Quebec Government rescues Private Company on the cusp of closing four MRFs

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In late January, a private company the runs four recycling centres across the Province of Quebec had threatened to shut down its operations. The company, Rebuts Solides Canadiens (RSC), which is owned by French company Tiru, issued a letter to the City of Montreal stating that it has been steadily losing revenue since October 2019 due to the global paper-recycling crisis and that it could not continue operations much longer.

In the letter to the City of Montreal, RSC stated that it needed more money or will be forced to close. In response, the City of Montreal stated that it had bailed out the company before but can’t afford to pay again.

“The sale of paper constituted a major part of Groupe RSC’s revenue. This drastic shift in the world market of recycled paper was already a considerable expense for Groupe RSC, despite the efforts from some municipalities and public aid,” RSC’s letter read.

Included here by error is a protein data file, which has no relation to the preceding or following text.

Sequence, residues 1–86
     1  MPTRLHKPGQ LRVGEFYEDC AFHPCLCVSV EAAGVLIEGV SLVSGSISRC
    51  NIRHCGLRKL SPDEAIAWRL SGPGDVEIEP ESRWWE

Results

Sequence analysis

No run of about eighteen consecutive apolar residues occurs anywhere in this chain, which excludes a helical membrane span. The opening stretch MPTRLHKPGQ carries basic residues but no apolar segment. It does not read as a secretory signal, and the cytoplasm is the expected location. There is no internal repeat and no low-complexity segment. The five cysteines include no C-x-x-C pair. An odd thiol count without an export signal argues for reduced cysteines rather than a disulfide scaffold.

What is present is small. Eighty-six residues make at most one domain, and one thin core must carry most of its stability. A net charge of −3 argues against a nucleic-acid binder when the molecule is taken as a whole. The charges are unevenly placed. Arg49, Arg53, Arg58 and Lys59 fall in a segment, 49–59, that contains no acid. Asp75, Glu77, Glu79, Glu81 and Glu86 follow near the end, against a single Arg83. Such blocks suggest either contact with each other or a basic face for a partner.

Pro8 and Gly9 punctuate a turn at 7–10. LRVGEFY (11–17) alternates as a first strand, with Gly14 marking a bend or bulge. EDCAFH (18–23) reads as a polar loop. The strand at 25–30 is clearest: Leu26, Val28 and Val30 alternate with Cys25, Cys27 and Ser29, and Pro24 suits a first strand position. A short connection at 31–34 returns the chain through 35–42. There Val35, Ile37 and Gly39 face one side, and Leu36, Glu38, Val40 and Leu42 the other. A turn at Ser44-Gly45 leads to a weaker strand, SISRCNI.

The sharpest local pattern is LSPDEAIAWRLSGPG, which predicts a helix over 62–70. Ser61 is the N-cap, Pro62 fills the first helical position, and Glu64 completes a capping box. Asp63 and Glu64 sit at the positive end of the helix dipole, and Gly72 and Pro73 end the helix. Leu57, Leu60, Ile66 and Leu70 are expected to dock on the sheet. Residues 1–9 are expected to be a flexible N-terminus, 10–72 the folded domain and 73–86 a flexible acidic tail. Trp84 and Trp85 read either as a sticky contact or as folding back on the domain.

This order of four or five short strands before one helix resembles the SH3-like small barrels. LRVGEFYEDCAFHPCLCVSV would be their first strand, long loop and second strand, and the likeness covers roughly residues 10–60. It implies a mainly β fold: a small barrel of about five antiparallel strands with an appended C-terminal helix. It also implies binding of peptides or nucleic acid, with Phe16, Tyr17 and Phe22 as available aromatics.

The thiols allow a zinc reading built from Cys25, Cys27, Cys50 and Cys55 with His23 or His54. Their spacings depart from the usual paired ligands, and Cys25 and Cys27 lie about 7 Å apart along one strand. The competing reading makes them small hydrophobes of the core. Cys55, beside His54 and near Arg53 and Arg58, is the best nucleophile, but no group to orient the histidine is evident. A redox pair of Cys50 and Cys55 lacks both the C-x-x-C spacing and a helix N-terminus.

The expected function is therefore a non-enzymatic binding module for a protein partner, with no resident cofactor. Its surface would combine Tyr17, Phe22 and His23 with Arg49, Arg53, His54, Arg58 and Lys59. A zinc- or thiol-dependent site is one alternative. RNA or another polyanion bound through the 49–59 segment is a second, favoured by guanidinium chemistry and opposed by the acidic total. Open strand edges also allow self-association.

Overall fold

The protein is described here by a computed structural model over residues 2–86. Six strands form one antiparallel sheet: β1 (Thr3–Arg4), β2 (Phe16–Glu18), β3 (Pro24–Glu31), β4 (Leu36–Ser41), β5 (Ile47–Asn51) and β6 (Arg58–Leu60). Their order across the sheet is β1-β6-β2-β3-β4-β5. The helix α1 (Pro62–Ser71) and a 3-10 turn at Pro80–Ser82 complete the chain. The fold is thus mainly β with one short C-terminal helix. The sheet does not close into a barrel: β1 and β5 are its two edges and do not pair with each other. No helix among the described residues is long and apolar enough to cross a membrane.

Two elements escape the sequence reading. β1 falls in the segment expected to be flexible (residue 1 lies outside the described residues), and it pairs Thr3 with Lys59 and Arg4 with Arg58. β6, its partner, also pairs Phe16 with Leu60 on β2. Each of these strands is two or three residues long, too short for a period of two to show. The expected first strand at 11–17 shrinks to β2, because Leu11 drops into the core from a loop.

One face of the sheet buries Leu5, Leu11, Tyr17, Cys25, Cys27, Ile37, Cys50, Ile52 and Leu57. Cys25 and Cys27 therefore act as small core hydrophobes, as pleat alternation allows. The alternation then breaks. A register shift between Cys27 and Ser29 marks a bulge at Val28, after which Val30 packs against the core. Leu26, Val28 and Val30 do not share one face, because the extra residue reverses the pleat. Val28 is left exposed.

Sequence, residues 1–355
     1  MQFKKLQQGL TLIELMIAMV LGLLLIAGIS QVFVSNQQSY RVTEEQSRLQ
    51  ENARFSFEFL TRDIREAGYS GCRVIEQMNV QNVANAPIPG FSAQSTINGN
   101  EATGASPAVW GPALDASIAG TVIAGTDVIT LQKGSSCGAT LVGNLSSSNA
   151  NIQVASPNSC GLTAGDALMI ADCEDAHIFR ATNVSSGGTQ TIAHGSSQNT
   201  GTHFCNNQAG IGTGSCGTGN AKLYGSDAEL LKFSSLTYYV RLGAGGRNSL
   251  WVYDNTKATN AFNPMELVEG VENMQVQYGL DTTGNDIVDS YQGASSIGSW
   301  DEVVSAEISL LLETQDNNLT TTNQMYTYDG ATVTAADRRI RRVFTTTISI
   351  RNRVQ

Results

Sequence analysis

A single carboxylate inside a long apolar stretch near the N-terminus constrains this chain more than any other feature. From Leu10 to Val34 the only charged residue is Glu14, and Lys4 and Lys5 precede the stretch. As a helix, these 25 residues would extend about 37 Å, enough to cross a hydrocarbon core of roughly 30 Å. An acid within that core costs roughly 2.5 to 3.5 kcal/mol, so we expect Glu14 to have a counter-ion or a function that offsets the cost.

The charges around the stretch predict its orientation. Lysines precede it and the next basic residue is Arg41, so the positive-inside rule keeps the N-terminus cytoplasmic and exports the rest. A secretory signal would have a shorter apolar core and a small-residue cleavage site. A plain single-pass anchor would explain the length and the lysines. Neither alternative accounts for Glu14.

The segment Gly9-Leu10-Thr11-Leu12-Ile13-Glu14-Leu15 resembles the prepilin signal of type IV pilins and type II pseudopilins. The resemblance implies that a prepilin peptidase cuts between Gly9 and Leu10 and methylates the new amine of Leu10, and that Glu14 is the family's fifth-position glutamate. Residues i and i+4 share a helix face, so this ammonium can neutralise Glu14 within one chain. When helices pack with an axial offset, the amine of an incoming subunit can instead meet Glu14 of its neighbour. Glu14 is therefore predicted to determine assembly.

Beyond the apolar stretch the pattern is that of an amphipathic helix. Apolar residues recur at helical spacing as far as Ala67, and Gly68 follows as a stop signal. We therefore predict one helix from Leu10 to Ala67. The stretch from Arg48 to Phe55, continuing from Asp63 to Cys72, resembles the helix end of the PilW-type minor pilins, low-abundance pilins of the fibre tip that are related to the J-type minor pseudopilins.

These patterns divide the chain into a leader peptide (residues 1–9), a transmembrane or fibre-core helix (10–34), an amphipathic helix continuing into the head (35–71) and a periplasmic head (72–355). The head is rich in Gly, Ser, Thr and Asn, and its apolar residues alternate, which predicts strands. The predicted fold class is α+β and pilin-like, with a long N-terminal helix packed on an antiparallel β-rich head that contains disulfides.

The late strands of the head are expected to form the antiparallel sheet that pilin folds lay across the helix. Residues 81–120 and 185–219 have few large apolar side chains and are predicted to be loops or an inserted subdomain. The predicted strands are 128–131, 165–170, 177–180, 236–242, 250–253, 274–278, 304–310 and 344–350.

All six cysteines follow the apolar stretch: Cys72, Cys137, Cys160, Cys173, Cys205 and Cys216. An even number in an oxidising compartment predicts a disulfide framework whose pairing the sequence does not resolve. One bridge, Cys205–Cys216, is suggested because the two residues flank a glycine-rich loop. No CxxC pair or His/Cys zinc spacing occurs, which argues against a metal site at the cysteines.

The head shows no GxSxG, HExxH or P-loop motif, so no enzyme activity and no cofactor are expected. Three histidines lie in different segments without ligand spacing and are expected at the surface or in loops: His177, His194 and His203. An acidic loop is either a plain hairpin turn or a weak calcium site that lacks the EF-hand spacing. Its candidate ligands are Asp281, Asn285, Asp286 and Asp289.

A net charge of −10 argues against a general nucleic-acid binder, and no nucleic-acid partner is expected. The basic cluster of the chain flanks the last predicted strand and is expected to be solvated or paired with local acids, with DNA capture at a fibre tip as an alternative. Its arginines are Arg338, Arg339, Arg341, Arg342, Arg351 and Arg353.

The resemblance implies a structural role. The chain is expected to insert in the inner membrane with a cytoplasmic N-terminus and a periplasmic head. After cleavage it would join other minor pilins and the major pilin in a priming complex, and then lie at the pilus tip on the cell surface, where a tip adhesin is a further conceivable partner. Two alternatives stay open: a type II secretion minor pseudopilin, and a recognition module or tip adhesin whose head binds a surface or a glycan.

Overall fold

In response, Quebec’s Environment Minister, Benoit Charette stated he wants to prevent recyclable material from going to landfill “at all costs.” The Government of Quebec backed up his words by announcing that it was loaning RSC $7 million to keep its operations open.

In return for the loan, the Quebec government obtained guarantees worth $8 million on the company’s assets. The Quebec Ministère de l’Environnement et de la Lutte contre les changements climatiques (Ministry of the Environment and the Fight against Climate Change) assumes a $5 million share of the loan while Recyc-Québec will assume a $2 million loan.

Cost-Revenue Drivers for MRFs

One driver for the recycling woes of Groupe RSC is the ban China instituted in 2018 on several types of recyclables. The Chinese ban caused a shift in the world market for recycled and recuperated goods, causing a waste crisis in dozens of cities around North America. 

A second driver for the current recycling crisis in Montreal is the city’s sing-stream recycling process. With single-stream recycling, all materials are collected together and all the sorting happens at the Material Recycling Facility (MRF). Although single-stream is easier on residents and results in higher participation rates, it is more costly to run and leads to higher contamination rates at the MRF.